Economic Diversification: The Tesla Effect

Dallas Haun

Nevada’s economy has always been heavily dependent on travel, tourism and gaming, which account for more than 23 percent of all jobs in Nevada. When the pandemic and related restrictions hit us in 2020, it became more apparent than ever that our economy needs to diversify to provide some measure of protection against events that adversely affect our major industry.

 

Northern Nevada has been less affected by this crisis than southern Nevada, in part thanks to the tech boom that came about after the Tesla Gigafactory came to Storey County in 2015. Although there has been some controversy about the tax abatements granted to Tesla to entice it to locate here, there’s no denying that it has brought much-needed jobs and revenue to northern Nevada, which provided an economic safety net when travel and tourism began to struggle last year.   

 

During early negotiations about which state to choose for the location of the Gigafactory, then-Governor Brian Sandoval took a hands-on approach, personally contacting Elon Musk and other members of Tesla management to present Nevada’s case. He also called a special session of the Nevada Legislature in which he encouraged legislators to approve the concessions that finally convinced Tesla to locate the Gigafactory in northern Nevada. This multi-billion-dollar deal would not have happened without Sandoval’s support and his direct involvement.

 

The Tesla Gigafactory had created 7,059 jobs in Storey and Washoe County as of June 30, 2018, and that number has increased since then. These employees are spread across the Gigafactory’s partners, including Tesla, Panasonic, and H&T Battery Components.  State standards required a 50 percent in-state residency rate for qualified employees, but Tesla has achieved a 93 percent rate, and with hourly wages averaging $25.78.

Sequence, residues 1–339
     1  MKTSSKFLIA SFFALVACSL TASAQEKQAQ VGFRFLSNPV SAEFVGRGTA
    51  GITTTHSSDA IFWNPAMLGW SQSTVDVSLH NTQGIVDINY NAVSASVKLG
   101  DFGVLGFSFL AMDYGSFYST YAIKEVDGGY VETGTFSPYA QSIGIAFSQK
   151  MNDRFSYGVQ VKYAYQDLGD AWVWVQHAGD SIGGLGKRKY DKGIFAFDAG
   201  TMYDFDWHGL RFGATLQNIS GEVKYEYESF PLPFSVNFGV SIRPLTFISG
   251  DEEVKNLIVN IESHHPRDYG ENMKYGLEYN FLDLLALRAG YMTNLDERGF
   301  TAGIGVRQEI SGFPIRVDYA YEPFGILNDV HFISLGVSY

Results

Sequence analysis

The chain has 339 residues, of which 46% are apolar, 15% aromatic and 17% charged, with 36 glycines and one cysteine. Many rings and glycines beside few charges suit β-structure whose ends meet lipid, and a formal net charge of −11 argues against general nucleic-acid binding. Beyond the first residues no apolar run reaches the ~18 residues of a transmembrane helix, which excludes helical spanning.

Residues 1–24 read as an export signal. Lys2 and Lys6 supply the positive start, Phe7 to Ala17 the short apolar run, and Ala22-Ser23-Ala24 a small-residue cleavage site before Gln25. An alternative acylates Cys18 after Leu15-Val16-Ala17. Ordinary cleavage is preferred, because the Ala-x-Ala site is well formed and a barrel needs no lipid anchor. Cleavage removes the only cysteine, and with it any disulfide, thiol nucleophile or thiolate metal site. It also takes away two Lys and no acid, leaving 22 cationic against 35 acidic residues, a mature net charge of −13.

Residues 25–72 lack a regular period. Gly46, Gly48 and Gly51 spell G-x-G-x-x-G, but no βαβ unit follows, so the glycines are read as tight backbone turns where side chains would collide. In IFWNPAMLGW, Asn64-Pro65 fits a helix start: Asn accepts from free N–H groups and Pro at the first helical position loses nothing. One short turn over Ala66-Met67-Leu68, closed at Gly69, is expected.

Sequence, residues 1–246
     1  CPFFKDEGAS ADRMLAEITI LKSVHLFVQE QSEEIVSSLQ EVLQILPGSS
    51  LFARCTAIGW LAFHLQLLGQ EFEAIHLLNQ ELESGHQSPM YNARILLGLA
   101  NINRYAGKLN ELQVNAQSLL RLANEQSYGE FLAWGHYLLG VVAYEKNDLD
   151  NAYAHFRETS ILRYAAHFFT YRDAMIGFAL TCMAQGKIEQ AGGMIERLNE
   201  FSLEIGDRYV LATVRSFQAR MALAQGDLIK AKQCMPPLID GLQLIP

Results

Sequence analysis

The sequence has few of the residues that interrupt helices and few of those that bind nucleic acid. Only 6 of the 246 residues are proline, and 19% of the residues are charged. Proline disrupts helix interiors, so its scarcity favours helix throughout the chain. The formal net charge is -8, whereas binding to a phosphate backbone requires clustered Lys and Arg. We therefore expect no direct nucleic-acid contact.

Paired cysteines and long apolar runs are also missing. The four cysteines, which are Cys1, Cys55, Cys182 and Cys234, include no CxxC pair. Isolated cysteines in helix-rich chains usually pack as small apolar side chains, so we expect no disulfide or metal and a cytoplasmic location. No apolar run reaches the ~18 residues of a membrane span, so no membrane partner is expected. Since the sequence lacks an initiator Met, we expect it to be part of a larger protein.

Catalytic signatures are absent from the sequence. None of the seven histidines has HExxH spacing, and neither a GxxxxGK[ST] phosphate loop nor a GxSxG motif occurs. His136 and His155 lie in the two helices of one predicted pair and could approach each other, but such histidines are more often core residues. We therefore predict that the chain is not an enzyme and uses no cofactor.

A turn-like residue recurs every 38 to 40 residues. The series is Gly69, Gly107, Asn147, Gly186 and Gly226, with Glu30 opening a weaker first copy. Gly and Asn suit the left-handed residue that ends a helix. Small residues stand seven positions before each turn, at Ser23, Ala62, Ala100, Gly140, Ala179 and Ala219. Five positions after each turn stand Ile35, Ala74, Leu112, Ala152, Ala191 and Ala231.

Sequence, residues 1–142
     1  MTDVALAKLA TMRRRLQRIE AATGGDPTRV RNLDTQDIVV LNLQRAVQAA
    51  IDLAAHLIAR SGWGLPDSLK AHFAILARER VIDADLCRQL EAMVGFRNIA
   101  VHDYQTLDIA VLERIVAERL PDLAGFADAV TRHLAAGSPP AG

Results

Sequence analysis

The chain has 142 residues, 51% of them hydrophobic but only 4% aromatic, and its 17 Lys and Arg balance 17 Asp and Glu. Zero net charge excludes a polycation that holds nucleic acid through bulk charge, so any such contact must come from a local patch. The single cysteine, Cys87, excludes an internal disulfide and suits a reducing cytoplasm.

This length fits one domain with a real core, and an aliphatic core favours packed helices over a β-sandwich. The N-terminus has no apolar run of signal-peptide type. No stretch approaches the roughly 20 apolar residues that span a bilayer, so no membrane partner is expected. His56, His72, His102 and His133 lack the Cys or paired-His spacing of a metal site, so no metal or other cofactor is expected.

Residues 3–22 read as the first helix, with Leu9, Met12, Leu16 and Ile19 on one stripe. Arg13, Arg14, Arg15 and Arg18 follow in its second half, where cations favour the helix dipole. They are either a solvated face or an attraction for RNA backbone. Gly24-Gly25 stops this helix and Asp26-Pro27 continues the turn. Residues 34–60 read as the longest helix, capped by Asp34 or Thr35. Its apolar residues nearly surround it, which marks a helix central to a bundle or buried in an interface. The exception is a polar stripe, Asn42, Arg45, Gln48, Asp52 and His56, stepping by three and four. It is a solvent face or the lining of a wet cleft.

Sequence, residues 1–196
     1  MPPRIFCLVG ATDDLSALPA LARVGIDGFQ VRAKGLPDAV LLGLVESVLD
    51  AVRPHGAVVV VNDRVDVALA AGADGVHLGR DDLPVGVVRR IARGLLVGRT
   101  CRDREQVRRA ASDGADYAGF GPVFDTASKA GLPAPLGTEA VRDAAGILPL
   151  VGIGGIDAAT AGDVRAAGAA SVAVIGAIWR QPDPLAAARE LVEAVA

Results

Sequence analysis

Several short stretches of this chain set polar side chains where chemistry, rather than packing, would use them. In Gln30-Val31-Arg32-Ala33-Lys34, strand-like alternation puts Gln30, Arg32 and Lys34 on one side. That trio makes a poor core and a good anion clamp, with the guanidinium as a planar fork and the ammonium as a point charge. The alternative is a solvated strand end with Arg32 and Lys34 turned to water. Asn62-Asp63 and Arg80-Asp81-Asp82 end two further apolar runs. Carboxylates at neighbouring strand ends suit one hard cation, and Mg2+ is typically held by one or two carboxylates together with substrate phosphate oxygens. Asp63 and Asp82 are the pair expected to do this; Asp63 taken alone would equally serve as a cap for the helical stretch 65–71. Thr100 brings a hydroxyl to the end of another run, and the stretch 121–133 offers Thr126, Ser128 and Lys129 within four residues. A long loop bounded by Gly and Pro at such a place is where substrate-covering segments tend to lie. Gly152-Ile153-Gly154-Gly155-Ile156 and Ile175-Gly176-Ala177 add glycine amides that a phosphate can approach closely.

The Gigafactory project supported about 17,000 direct construction jobs and 7,900 indirect jobs from 2015 to 2018 in Washoe and Storey counties. From 2015 to 2018, this construction activity generated $3.2 billion in economic output.

 

The Tesla Gigafactory spent $6.05 billion in capital investment as of June 2018. This includes $2.05 billion invested in construction and $3.99 billion in equipment. Operations in 2018 created an annual economic impact of $3.56 billion in Washoe and Storey counties. Additionally, operations supported about 15,300 total jobs (direct, indirect and induced) and $845.0 million in wages and salaries.

 

Tesla will likely generate more than the originally projected $1.95 billion in direct and indirect revenues over 20 years due to larger real property investment and higher than projected job creation. Abatements from 2015 to June 2018 totaled $240.3 million, and most of Tesla’s abatements are set to expire in June 2024. However, the majority of abatements were sourced to the local sales and use tax, which will not expire until June of 2034.

 

Tesla’s success in Northern Nevada has attracted companies like Switch, jet.com and Blockchains, LLC to the area, as well as providing additional economic benefits. For example, utility and transportation infrastructure investments made for the Gigafactory have made the area more competitive for future manufacturing and data center development projects.

 

While we’re waiting for the tourists, shoppers, sports fans, and conventioneers to return, let’s consider the consequences of our dependence on travel and tourism, and continue to look for ways to diversify our economy and bring in more businesses like Tesla.

 

 

Regards,

Dallas Haun

Dallas Haun

Chairman

Nevada State Bank

 

 

 

 

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